Some relief for MNCs in safe harbour rules

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SummaryThe government on Wednesday announced rules giving conditional exemption to global MNCs’ transactions with their Indian units from being questioned for suppression of income here.

The government on Wednesday announced rules giving conditional exemption to global MNCs’ transactions with their Indian units from being questioned for suppression of income here. The new ‘safe harbour’ rules cover 10 specified types of transactions, the value of which will not be audited to verify whether they are at arm’s length, if the rules are followed. The move could bring relief to a lot of companies in the IT and ITeS sectors and those engaged in contract research in IT and pharmaceutical sectors as well as in production of auto ancilliaries.

Some of the safe harbour norms also cover the entire corporate sector in areas like outbound loans and corporate guaranties.

MNCs have been complaining about Indian tax authorities’ “aggressive stance” on transfer pricing adjustments. The I-T department attributed an additional taxable income of over R70,000 crore on this front to the MNC arms in the 2012-13 audit, up 58% over such claims in the 2011-12 audit.

The rules will be notified after receiving industry feedback till August 26 and will be applicable for FY13 and FY14.

As per the proposed norms, tax officials will not question the income of a captive software developing unit in India executing a work contract for its parent if the profit from the assignment is less than 20%.

Assessment officers had been issuing tax demands to some captive software companies earlier if the declared profit was less than about 30-35%. The industry wanted a lower safe harbour threshold because many South East Asian economies had come up in a big way in the IT sector, depressing the profit margins of Indian units.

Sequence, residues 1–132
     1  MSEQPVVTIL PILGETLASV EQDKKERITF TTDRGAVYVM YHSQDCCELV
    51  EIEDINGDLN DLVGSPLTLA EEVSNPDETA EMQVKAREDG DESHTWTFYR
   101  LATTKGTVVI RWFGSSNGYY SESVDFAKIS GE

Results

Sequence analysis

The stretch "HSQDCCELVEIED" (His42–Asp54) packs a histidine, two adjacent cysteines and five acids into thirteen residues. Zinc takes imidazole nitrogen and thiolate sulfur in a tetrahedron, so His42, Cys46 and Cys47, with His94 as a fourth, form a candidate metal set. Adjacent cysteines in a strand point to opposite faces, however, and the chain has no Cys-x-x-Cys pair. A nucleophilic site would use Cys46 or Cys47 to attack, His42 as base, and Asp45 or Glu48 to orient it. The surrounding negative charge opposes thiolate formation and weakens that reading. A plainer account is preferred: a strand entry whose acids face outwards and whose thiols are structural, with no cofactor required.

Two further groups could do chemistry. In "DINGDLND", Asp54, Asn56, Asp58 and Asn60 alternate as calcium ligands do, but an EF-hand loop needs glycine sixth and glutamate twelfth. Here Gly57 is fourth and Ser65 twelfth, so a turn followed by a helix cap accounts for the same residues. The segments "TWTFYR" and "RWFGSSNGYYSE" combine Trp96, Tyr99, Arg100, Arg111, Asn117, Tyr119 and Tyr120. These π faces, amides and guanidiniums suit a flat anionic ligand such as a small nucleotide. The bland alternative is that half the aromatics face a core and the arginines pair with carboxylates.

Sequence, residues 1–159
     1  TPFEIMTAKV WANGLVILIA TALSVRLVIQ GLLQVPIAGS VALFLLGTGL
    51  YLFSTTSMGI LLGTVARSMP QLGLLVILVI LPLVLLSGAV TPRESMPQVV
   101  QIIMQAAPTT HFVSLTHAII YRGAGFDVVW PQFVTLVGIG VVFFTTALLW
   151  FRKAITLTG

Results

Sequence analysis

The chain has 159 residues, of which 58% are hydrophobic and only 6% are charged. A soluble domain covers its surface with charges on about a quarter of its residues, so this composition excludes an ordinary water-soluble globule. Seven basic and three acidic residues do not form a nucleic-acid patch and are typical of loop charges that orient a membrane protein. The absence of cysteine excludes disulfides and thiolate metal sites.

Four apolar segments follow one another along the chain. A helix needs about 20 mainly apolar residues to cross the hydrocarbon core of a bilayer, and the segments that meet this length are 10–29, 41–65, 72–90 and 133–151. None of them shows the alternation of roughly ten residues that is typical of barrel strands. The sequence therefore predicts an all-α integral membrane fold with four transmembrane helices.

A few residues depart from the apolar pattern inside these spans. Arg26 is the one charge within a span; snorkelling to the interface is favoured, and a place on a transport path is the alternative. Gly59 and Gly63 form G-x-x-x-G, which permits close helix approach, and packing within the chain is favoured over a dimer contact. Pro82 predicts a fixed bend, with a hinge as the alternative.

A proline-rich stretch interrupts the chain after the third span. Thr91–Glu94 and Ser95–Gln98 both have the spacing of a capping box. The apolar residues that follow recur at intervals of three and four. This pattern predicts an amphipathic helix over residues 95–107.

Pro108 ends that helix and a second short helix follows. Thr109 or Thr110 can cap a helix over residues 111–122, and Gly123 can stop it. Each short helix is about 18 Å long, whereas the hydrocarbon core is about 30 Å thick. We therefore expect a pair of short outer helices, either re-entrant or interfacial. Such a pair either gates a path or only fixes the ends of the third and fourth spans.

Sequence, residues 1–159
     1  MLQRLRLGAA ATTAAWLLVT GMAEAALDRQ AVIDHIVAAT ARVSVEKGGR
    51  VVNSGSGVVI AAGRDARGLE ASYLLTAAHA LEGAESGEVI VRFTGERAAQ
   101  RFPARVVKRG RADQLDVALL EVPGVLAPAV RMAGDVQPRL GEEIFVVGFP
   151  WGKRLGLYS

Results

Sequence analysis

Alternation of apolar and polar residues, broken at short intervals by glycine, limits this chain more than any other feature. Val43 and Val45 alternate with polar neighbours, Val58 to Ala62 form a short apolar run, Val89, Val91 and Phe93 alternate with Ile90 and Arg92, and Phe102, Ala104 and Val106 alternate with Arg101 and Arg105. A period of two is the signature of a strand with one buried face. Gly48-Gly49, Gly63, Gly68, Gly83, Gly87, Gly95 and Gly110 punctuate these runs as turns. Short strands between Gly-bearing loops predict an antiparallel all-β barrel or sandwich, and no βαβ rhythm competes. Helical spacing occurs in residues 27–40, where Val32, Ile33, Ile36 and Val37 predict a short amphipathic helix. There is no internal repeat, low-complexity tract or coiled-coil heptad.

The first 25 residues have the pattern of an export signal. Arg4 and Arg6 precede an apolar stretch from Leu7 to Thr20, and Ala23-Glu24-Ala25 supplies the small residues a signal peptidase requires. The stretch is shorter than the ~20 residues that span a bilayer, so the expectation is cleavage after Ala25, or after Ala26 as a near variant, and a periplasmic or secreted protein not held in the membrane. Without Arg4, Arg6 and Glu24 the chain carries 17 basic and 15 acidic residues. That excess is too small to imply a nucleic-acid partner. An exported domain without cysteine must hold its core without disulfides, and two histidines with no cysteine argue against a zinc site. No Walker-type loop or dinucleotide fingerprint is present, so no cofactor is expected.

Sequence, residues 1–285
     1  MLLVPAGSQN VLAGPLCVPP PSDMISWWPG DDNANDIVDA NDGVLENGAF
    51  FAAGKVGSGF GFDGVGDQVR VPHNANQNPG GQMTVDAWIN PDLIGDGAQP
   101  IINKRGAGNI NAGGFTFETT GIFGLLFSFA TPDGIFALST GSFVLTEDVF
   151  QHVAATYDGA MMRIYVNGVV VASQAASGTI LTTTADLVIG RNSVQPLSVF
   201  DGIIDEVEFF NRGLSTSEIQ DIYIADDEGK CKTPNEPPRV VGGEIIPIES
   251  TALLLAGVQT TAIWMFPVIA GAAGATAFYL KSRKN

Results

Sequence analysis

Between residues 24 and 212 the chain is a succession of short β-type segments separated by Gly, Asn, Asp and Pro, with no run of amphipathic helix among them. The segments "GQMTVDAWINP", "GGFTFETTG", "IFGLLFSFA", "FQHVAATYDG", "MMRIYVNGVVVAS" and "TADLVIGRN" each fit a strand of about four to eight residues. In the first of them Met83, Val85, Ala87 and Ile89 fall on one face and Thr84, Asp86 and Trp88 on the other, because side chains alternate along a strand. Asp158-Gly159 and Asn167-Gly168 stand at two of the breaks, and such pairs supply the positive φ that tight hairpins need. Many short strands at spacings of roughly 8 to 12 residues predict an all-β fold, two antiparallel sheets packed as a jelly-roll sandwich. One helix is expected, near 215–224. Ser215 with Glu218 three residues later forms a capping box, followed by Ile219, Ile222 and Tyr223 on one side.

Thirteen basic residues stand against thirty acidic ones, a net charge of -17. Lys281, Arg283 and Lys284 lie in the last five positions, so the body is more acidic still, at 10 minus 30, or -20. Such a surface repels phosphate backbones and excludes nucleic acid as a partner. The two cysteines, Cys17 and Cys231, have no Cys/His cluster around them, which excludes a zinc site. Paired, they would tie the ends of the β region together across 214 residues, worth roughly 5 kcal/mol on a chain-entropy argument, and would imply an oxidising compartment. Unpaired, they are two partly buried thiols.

While welcoming the move, some experts said the rules will would benefit only small businesses and not IT bigwigs. Mukesh Butani, chairman, BMR Advisors said the scope of safe harbour norms are restrictive in the case of software, IT and ITES as it covers only companies who earn an operating margin up to Rs 100 crore, meaning it will not benefit most captives who have been engaged in disputes on adjustments.

For information technology enabled services (ITES) other than contract R&D, the safe harbour profit margin is 20%, while the same for knowledge process outsourcing (KPO) firms is 30%. The norms also bar tax officials from questioning a loan extended to a wholly-owned subsidiary in India of a global MNC if the interest rate declared is equal to or greater than the base

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